There are a number of things you should legitimately be afraid of in this life — great white sharks, cigarette smoke, Scott Pruitt’s EPA — but private mortgage insurance (also known as “PMI”) is not one of them. We’re going to cover the basics here and I’m going to work to dispel a lot of the misconceptions about PMI. Most importantly, we’re going to discuss why PMI on your next mortgage might be an entirely viable solution when you’re seeking to purchase a home with less than a 20% down payment.
What is PMI?
Private mortgage insurance, like all insurance, is a financial tool for mitigating risk. As the borrower you will pay a premium, usually monthly and as part of your mortgage payment, to an insurance company. Yes, it will look like you’re just paying the premium as part of your regular payment, but the specific amount of insurance will go towards an insurance policy that covers the lender’s additional risk for making a loan with a higher loan-to-value (LTV). Should you default on the loan, the insurer will pay a claim on the policy to the lender. The lender, in turn, becomes more willing to accept the additional risk of the higher-LTV loan and that enables you, the buyer, to have options to purchase a home with a smaller down payment.
…But I was told to avoid PMI…
Let’s not sugarcoat. The word on the street is that PMI is to be avoided at all costs. I get it. That attitude has been a long time in the making but I believe that you have to consider that sentiment in the context of the alternatives. Let’s assume we have a homebuyer who does not yet have a full 20% down payment saved. This person has the following options, side by side with their most glaring risks:
- Strategy: Wait to save 20%. Risk: Missed opportunities. Rising home prices, rents and interest rates.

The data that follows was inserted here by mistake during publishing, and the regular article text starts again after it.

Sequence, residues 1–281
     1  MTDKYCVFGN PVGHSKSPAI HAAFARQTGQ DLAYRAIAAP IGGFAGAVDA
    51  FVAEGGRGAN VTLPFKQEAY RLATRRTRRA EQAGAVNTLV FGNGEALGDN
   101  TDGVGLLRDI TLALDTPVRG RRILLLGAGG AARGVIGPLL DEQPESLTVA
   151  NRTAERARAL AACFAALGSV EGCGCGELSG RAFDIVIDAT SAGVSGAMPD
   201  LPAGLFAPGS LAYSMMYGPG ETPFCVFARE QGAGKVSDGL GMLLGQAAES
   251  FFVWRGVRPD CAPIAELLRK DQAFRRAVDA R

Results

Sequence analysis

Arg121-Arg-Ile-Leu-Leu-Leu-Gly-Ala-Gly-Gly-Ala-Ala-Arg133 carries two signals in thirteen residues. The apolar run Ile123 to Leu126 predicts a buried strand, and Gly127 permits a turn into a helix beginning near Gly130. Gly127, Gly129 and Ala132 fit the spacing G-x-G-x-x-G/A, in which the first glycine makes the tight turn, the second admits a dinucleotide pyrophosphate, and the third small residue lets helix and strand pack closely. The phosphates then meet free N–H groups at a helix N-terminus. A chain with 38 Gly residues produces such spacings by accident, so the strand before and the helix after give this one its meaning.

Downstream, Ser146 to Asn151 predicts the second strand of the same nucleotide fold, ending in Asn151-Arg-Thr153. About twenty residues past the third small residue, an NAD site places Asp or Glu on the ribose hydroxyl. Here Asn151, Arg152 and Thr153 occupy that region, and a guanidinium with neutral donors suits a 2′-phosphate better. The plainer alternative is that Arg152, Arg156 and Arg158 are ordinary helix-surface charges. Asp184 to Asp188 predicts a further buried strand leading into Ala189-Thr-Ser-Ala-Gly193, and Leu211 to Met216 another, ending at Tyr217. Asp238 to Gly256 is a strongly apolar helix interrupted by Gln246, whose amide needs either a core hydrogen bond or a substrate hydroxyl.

- Strategy: Use a piggyback mortgage instead of PMI. Risk: Rising HELOC rates.
- Strategy: Purchase a home worth less. Risk: May not be a practical solution in your geographic area.
So, as you can see, in 2018 and in a rising rate environment coupled with a general shortage of housing inventory, PMI is emerging as an option worthy of careful consideration. And as a loan originator, I can tell you that with greater frequency, and especially where the borrower has a high-FICO score, PMI is winning these comparisons. Let’s not forget, with conventional PMI (unlike the FHA counterpart, MIP) there is the future ability to drop the insurance and even where we are not initially seeing clear advantages in relation to alternatives, there’s a very real possibility that ultimately and once the PMI is dropped, we would win at that time. So again, what are your financial goals and what’s the best road to reach them?
In summary, there is no “right or wrong” with the PMI choice. Instead, it’s another viable alternative and possibly a very good one for YOU. So consult an expert lender. Do the math and research on your terms. And most importantly, avoid the fake news — though you can add that to the list of things to be afraid of here in 2018. But PMI? Oh my, give it some thought.
We’re not in Kansas anymore,
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